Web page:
Gillian Smithson, Gallery and Museum Registrar at the University of Manchester, gave the first talk of the afternoon.
A programme of disposals was initiated in 2008 at the Whitworth, motivated by the forthcoming redevelopment. It’s a good opportunity to take stock of the process, following the completion of the redevelopment.
In the Whitworth’s 124 year history, over 58,700 objects have been accessioned into the collection. In the same period, just over 400 objects have been deaccessioned. Gillian questioned whether this ratio was sustainable going forward. She went on to explain that although it is difficult to say no to gifts, and there is also a sense of betrayal it is as the responsibility of the museum to care for objects. Many institutions have storerooms of objects that no one really knows what to do with, and having too much can be detrimental to the collection.
In terms of the history of the museum, the founders’ legacy allowed for lots of purchasing of objects in the early years, as well as accepting almost anything people offered. After World War I, finances were in dire straits, but people continued to gift works to the museum due to its reputation. The gallery became part of the University in 1958 and throughout the 60’s they really began investing. This coincided with the architectural changes to the museum; gallery spaces were now open plan. The acquisition strategy focussed on prints as it was easier to represent a range of European artists, rather than spending money on expensive oil paintings for example.
A new director in 2007 saw changes in terms of acquisitions; rationalising the collection, shared acquisitions and benefiting from the V&A’s purchase grant fund. The following year, areas of the collection were identified to focus on editing; furniture, ceramics, jewellery and multiple/duplicated items.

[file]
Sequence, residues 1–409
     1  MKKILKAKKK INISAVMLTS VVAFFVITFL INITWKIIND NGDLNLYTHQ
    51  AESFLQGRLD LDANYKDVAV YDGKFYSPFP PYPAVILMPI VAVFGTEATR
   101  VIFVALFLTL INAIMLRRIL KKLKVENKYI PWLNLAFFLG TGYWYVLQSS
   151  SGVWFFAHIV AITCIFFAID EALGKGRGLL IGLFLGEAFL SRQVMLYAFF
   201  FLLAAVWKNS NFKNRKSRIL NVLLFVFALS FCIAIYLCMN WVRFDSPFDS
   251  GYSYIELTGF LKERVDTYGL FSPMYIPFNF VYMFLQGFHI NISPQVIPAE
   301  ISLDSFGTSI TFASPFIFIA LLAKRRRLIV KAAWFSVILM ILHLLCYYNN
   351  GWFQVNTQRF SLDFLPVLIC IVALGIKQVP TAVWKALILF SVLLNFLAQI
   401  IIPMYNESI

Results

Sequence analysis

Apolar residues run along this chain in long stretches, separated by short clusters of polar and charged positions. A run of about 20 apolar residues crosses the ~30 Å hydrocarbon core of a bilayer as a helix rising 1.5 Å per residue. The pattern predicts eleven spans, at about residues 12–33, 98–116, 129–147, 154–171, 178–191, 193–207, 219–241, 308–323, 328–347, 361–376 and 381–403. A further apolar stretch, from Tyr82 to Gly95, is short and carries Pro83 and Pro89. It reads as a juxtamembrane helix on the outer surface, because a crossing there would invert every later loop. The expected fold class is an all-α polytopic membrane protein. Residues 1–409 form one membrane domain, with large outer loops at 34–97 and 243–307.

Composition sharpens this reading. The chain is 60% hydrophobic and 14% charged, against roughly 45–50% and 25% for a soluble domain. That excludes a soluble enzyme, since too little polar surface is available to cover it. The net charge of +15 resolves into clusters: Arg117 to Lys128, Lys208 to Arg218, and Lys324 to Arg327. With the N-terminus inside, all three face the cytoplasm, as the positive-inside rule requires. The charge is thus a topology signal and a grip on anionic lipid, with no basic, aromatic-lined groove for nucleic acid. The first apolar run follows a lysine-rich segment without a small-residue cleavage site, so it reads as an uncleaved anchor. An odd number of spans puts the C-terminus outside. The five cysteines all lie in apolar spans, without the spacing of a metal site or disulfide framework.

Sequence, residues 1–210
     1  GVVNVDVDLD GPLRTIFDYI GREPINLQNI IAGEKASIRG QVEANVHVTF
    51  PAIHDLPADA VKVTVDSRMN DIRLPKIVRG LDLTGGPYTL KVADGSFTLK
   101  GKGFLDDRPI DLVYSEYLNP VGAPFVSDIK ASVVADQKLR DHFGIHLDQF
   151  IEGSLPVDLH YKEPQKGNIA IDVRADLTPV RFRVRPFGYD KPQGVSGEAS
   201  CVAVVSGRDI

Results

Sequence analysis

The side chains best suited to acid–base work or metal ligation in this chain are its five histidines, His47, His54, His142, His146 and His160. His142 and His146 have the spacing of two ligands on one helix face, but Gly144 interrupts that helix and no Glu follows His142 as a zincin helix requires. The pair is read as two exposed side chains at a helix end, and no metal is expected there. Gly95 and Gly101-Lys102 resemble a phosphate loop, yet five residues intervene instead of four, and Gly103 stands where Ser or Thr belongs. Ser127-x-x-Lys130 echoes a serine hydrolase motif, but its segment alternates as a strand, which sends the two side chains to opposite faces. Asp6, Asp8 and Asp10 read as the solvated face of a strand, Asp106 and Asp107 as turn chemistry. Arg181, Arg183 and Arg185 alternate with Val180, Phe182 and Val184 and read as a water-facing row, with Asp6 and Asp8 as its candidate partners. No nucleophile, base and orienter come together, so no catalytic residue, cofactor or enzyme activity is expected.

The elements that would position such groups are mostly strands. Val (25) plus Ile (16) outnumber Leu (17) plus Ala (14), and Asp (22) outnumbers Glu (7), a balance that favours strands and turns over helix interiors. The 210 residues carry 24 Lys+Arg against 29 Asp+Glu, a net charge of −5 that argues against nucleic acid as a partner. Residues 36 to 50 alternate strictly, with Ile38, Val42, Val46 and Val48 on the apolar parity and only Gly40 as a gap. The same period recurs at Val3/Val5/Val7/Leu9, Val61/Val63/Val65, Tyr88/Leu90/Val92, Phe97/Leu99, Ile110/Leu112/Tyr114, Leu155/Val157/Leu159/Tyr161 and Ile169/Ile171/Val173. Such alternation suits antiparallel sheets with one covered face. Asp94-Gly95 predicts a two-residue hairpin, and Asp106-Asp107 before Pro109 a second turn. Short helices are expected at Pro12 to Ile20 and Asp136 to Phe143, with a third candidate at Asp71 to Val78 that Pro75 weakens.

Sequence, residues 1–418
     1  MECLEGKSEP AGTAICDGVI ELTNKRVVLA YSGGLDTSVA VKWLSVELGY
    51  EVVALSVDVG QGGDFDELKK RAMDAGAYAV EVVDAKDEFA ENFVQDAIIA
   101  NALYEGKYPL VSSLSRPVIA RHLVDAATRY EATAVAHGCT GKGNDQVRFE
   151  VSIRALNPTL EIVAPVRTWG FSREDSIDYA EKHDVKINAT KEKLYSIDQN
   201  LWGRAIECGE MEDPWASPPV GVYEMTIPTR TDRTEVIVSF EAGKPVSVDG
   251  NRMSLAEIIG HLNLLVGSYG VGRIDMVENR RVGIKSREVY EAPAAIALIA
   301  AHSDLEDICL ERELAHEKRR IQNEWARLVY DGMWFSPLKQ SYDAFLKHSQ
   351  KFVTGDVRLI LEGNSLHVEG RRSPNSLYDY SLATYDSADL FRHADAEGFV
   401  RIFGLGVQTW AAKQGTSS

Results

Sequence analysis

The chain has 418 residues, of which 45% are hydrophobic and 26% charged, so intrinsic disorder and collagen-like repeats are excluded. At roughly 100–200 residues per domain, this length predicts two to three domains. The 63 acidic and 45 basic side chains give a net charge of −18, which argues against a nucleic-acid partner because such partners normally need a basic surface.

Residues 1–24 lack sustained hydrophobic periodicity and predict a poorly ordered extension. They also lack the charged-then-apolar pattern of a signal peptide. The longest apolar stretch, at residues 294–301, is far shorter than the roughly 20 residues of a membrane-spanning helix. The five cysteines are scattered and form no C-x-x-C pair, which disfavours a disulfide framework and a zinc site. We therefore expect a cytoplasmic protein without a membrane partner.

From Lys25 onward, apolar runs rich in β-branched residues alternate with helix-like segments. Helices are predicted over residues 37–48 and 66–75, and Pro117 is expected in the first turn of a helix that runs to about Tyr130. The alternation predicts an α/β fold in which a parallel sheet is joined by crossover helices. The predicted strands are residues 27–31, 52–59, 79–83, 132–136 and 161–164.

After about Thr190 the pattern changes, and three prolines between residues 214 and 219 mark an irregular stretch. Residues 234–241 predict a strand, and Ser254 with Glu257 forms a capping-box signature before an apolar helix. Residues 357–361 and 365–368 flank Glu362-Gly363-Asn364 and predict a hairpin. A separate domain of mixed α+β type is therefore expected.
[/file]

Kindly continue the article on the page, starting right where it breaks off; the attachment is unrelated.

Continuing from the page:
Advice was sought from the Museum Association in 2015 for guidance on curatorial-focussed disposals. When potential disposals were identified, a disposals form was completed and presented to an internal group which allowed for discussion by multiple people throughout the whole process. Disposals were advertised on the MA website, however Gillian felt the most successful responses were received when specialist groups were approached directly.
Gillian gave some examples of disposals that were completed after an open and transparent process, following the MA’s guidelines:
·         A group of ceramics were transferred to Manchester Metropolitan Museum to complement the existing collection.
·         90 pieces of Scandinavian jewellery that had been hidden since the 19th century were identified. These have now been transferred to the British Museum and some are on display.
·         The Whitworth also had some objects that were donated by Elizabeth Gaskell’s daughters. These are now in the process of being transferred to the Gaskell Museum.
However transfer of items to other institutions are not always possible. A collection of ties that were previously part of the Whitworth’s collection, for example, were sent to a charity shop as the museum’s remit did not include focusing on the collection of three-dimensional fabrics.
Issues that have been raised have included items that had no, or very little, information on their catalogue cards. Staff have had to question how to work with such objects. There were also items in the collection where the museum could not prove that certain things belonged to them.
Legally, museums face the challenge of holding some items that they can’t dispose of – for example a gift may have had certain conditions to it. A way to deal with these types of objects are to find other institutions whose collections would benefit from these objects and set up long loans.
Gillian concluded with a reflection on the present day. The museum is thinking differently about how they fill gallery spaces. The collection is becoming even more international and continues to grow, however it does this with a balanced view on acquisitions. Scrutinising the collection will continue as a subtle, diligent and logical process.

By Laura Murphy, Assistant Collection Registrar, Tate